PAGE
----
# Prolog, triangular numbers, accumulators and tail recursion

I'm working on a homework assignment, consisting of 2 parts. The first is to write a Prolog program that checks if a certain pair X, Y belongs to a http://en.wikipedia.org/wiki/Triangular_number. For example: (2, 3) = true; (4, 10) = true et cetera.

The first solution uses 'ordinary' recursion, and I've solved this like this:

``````triangle(0, 0).
triangle(X, Y) :- X > 0, Y > 0, A is X - 1, B is Y - X, triangle(A, B).
``````

The second part is to solve this using tail recursion/an accumulator, using a triangle/3 predicate. Though I have used an accumulator in another assigment, in which the use was quite obvious, so I have a general idea of how to use an accumulator, I'm quite puzzeled as to how to use it in this context.

So, I'm not looking for an algorithm, I'd much rather solve that myself, but more of a practical advise on how to apply an accumulator in this context.

-

The beginning is always the same, i.e. the first three lines are basically what you write for each and every tail recursive predicate (with a `[]` instead of a `0` for list predicates).

From there you can go on without many changes:

`````` triangle_t(X, Y) :- triangle_t(X, 0, Y).
triangle_t(0, Y, Y).
triangle_t(X, Acc, Y) :-
X > 0,
A is X - 1,
AccX is Acc + X,
triangle_t(A, AccX, Y).
``````

Here are some statistics for large X:

``````64 ?- time(triangle(1000000,500000500000)).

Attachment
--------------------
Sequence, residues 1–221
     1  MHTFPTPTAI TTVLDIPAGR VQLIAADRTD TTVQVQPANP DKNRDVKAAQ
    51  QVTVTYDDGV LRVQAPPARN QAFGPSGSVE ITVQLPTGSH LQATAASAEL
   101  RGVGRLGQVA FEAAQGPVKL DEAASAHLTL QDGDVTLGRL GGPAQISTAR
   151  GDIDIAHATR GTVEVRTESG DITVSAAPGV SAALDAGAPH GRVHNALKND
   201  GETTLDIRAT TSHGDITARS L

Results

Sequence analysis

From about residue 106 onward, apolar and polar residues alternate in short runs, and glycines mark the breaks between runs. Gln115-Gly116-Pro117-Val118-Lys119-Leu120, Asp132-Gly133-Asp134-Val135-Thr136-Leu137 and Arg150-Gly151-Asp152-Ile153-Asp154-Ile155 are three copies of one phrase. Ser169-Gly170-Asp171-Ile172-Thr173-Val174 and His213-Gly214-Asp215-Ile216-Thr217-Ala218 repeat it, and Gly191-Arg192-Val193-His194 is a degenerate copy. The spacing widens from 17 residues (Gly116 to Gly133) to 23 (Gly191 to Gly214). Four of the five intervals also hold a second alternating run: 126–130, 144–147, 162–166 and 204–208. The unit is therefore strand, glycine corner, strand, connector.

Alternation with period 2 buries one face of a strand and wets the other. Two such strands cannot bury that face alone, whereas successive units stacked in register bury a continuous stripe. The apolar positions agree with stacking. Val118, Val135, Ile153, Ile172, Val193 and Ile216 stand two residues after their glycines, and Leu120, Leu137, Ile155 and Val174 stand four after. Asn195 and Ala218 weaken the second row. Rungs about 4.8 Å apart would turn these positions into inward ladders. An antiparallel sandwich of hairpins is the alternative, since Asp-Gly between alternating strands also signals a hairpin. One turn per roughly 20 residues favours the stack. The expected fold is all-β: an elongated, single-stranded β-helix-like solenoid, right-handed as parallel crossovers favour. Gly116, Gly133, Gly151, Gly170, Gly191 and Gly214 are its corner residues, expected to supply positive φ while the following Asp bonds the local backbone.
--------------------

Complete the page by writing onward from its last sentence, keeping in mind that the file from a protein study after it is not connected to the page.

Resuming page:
% 4,000,000 inferences, 0.50 CPU in 0.52 seconds (96% CPU, 8012769 Lips)
true.

65 ?- time(triangle_t(1000000,500000500000)).
% 3,000,001 inferences, 0.41 CPU in 0.44 seconds (92% CPU, 7396405 Lips)
true.
``````

So, while your own predicate is basically already tail recursive (because the recursive call is the last thing to do) the version with an accumulator still saves some time because you do not need the check for `Y > 0`. If you introduce this line in the `triangle_t` predicate, they have exactly the same runtime characteristics again:

``````67 ?- time(triangle_t(1000000,500000500000)).
% 4,000,001 inferences, 0.53 CPU in 0.53 seconds (100% CPU, 7541432 Lips)
true.
``````

Also note that you can now use the predicate to generate the n'th triangular number.

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Ah, thank you for that. I was wondering about the tail-recursiveness of my 'normal' recursive solution, since like you say, I call triangle/2 after I do the arithmetic. Thank you for pointing that time predicate out as well :) –  Oxymoron Feb 19 '11 at 14:38